Here’s a bold statement: Bryan Price should be manager of the year in the National League.
Okay, you got me. I’m not sure I want to step quite that far out onto this particular limb. After all, Milwaukee’s Ron Roenicke has staked a claim to that award; he has somehow kept an overachieving Milwaukee squad at the top of the Central division all season long. San Francisco’s Bruce Bochy has done an outstanding job with a Giants team that has been near the top of the NL West all season since April. A case could even be made for Nationals skipper Matt Williams, among others.
I’m here to tell you, though, Price has probably done a better job managing the Cincinnati Reds than you think.
First things first: I’m not a fully-paid member of the Bryan Price Fan Club. Admittedly, I was pretty excited when he was hired during the last off-season, for reasons that I laid out in print over at ESPN. Price came to the manager’s seat with a reputation for having an open mind. There was reason to hope that he wouldn’t always manage “by the book,” an affliction from which Dusty Baker suffered until the bitter end.
Many cheered when Price was quoted, during spring training, as saying that he wasn’t going to use strictly-enforced roles in his bullpen. He said he wouldn’t hesitate to use Aroldis Chapman for more than one inning as often as he could.
It hasn’t quite worked out like that. Price has been just as rigid with his relievers’ roles as his predecessor had been, and he has used Aroldis in the “traditional” manner of the closer—rather than using him in more high-leverage situations before the ninth inning. Often, his lineups have been curious, and he has made some completely baffling decisions, such as the idea to let Jay Bruce play first base for the first time since, I don’t know, Little League? And he only uses Devin Mesoraco with certain pitchers, despite the need for Mes’ bat in the lineup as often as possible.
Wait, where was I going with this? Oh, yeah, I was trying to tell you why Price has been better than you think. Well, despite everything I noted above, you have to admit that Price has, somehow, kept this club in contention despite quite a bit of adversity.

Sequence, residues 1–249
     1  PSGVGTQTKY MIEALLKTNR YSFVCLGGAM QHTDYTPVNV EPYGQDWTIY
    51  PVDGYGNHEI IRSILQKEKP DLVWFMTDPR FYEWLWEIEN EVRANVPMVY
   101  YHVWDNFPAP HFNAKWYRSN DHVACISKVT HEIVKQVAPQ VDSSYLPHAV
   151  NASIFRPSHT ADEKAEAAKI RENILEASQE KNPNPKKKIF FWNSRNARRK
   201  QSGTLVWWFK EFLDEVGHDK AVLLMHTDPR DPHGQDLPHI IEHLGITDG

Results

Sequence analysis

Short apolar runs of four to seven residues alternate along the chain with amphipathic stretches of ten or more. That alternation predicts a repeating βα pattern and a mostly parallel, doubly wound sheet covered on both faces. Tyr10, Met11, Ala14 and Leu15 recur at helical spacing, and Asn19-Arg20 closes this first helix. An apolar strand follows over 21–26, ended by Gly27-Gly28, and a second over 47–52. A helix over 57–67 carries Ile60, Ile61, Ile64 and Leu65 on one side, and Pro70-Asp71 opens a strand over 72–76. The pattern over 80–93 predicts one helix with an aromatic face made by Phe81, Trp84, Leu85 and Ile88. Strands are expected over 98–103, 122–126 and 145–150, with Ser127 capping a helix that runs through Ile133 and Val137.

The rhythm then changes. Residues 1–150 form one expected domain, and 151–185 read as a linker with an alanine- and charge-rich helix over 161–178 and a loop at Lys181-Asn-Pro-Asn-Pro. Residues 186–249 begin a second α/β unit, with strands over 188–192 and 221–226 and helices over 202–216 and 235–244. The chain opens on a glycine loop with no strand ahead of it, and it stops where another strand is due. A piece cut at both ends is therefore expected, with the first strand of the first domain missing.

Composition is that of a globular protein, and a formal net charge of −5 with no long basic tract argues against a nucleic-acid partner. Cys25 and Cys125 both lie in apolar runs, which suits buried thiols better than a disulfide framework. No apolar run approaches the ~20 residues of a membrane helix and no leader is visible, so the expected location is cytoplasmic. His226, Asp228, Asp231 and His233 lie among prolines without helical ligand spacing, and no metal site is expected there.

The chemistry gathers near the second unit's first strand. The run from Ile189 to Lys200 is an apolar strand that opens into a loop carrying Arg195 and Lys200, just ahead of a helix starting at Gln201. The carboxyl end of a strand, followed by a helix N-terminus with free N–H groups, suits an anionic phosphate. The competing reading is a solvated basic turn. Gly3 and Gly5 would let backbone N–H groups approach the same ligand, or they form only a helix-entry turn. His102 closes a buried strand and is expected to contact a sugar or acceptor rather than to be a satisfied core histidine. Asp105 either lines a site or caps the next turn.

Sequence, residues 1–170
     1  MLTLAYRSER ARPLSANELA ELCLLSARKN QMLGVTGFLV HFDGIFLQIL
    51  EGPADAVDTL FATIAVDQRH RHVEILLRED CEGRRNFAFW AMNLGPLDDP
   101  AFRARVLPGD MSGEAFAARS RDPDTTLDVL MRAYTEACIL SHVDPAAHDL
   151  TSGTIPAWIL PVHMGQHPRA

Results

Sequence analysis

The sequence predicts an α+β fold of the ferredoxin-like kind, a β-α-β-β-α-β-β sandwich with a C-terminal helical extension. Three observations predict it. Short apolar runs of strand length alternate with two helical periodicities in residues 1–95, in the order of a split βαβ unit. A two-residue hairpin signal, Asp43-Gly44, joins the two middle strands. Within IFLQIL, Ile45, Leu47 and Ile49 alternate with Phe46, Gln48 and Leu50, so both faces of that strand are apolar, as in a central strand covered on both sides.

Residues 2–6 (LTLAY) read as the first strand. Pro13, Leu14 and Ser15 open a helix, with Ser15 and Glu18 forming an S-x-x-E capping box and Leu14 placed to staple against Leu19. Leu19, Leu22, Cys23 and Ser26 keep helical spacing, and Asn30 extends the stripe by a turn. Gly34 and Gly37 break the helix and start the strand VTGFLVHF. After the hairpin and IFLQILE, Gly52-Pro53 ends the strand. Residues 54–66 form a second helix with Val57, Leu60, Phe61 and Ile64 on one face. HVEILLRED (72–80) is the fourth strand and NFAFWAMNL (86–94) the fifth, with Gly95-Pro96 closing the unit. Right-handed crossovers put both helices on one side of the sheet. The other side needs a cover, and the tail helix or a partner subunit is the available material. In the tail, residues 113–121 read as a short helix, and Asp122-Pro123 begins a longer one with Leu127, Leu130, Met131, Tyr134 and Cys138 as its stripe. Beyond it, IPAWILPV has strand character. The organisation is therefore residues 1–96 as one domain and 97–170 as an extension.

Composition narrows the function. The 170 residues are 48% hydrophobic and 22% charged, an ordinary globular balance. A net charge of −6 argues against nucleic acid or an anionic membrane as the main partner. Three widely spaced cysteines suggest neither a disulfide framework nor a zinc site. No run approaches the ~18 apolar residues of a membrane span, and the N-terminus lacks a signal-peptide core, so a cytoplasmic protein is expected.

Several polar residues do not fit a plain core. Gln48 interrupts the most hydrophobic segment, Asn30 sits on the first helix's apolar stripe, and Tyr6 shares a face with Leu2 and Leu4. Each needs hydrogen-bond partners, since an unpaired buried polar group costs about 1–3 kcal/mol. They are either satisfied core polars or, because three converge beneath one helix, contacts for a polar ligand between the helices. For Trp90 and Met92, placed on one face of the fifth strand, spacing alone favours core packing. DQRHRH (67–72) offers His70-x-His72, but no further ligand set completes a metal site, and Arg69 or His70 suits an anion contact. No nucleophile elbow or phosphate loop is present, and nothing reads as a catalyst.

Look at all the roadblocks that have been thrown in Cincinnati’s way this season. No fewer than six—count ‘em, SIX—former All-Stars on this roster have been on the disabled list in 2014. Joey Votto, Brandon Phillips, Jay Bruce, Jonathan Broxton, Aroldis Chapman, Devin Mesoraco. That doesn’t count long-term injuries to Mat Latos and Sean Marshall. Less-important contributors, such as Tony Cingrani, Skip Schumaker, and Logan Ondrusek have also missed time.
And it’s not like these have been small injuries that caused little disruption to the lineup. Votto, BP, and Aroldis have been out for extended stretches; Votto and Phillips, in fact, are still on the disabled list, and we can only speculate when they’ll return to the lineup. Latos didn’t make his first start until the middle of June. Marshall, who was among the best relievers in baseball from 2010-2012, hasn’t been healthy all season.
Because of the injuries, Price has been forced to give crucial roles to the likes of Kris Negron, Ramon Santiago, Jack Hannahan, and Schumaker. Yet somehow, the Reds manager has cobbled together a team that is only 5 games out of first place after Monday night’s loss to Cleveland. More interestingly, despite losing nine of their first ten games after the All-Star break, and scoring only 40 runs in 16 games through the weekend, Cincinnati still had a 31% chance of making the playoffs prior to last night’s loss, according to ESPN.
Are you kidding me?
Somehow, some way, the Reds remain at .500 and within spitting distance of the leaders in the National League Central. Now, we can’t deny the fact that every team in the Central (and in the entire NL) is flawed, and thus no one has been able to grab the reins and run away with the division. Still, the Reds are starting Negron, Schumaker, and Hannahan on a regular basis in August. Does that sound like a team that is playoff-bound?
No, and I would be hard pressed to bet on Cincinnati making the playoffs. I’m just amazed that they are still in the conversation, given the way this season has played out. I don’t know what type of voodoo Price is using in the clubhouse, but it’s working. Kinda.
Yeah, the Reds lost on Monday, putting together an “unacceptable” performance, in Price’s words. Still, it could be much, much worse. You have to give Bryan Price some of the credit for the fact that the Reds are still in the mix.